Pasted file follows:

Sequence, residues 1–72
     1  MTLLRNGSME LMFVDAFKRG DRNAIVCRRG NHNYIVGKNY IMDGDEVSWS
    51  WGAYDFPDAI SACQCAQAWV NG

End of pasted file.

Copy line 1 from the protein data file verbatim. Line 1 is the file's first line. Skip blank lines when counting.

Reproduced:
Sequence, residues 1–72